In April Minister for Health, Stephen Donnelly, published the Sláintecare Progress Report 2021-2023. As part of the announcement, the Minister highlighted the record level of investment and recruitment in the public health service; and reiterated that the level of home support hours being provided by the State was substantial. The Minister highlighted that the progress report pointed to a 26,000 increase in healthcare workers to the end of December 2023 and stated that numbers have increased again since then.

The Minister stated that employment levels at the end of March 2024, show that there were 148,293 whole-time equivalents (WTE) directly employed in the provision of health and social care services by the HSE and Section 38 hospitals and agencies. His announcement also detailed that a total of 63.62 million home support hours were provided between January 2021 and December 2023.

This Union has previously reported on the fact that, while there does in fact seem to be ongoing investment in staffing within the public health service, it does not always seem to benefit all grades of staff equally. The latest HSE employment census for April 2024 seems to demonstrate that this is still the case.

Let’s look at this specifically at the home support service. The increase in home support hours is a core tenant of the Sláintecare plan. And it makes sense that it would. The provision of home support hours would allow older people and those with disabilities to continue to live in their own homes for longer, negating the need for residential care. Health Care Support Assistants (formerly Home Helps) are obviously fundamental to the delivery of this service.

The latest HSE employment census shows that since December 2022, there has actually been a decrease in the number of Health Care Support Assistants employed by the HSE nationally with 43 fewer WTEs working for the HSE in April 2024.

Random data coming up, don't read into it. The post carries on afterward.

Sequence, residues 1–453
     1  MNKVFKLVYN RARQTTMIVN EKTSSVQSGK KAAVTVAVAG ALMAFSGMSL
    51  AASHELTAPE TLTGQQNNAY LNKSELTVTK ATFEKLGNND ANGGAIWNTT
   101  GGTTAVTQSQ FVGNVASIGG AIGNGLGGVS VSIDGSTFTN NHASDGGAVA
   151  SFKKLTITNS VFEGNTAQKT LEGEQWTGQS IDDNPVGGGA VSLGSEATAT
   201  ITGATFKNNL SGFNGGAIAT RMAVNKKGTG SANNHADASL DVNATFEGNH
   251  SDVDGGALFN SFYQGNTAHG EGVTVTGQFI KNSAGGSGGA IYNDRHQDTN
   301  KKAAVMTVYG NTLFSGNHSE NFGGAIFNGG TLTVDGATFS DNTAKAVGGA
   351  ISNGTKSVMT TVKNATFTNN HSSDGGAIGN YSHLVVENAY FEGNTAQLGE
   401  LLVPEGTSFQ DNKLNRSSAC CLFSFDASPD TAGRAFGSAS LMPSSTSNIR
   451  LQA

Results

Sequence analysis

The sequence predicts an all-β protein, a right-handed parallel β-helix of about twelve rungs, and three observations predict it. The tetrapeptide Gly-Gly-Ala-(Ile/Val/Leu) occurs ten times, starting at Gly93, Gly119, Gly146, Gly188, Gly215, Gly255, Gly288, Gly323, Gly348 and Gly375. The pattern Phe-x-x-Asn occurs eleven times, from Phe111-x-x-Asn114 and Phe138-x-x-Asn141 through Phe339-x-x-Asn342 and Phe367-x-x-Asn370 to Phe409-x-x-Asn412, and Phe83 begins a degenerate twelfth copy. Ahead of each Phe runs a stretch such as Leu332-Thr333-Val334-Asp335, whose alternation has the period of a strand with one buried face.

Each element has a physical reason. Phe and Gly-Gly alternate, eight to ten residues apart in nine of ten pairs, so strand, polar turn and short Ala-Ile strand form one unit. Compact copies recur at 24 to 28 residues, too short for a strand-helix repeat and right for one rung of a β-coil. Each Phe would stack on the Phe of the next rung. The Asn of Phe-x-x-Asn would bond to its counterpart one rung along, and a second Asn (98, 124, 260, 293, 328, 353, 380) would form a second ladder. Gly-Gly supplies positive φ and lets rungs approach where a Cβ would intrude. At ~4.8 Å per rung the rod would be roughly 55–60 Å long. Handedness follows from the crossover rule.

It was an even worse case in HSE South West, where there are now 134 fewer WTEs working for the HSE since December 2022. This is interesting given that it was widely reported late last year in the media that the Cork and Kerry regions had some of the worst waiting lists for home support packages.

The above is happening within the context that other roles within the public health service, do appear to be seeing increased numbers in employment. Grade VIII (and above) management roles have increased by 81 WTEs since December 2022, an increase of 3.32%.

While government and the Minister for Health, Stephen Donnelly, emphasise the record levels of investment and recruitment in the public health service, this investment is not uniformly benefiting all frontline healthcare workers. The recent HSE employment census reveals a troubling decrease in the number of Health Care Support Assistants, particularly in regions with significant home support service demands such as HSE South West.

This stands in stark contrast to the increase in higher management roles within the same period. It is imperative that the union continues to advocate for a more equitable distribution of resources to ensure that all grades of staff, especially those on the frontline, are adequately supported and recognised for their critical contributions to patient care.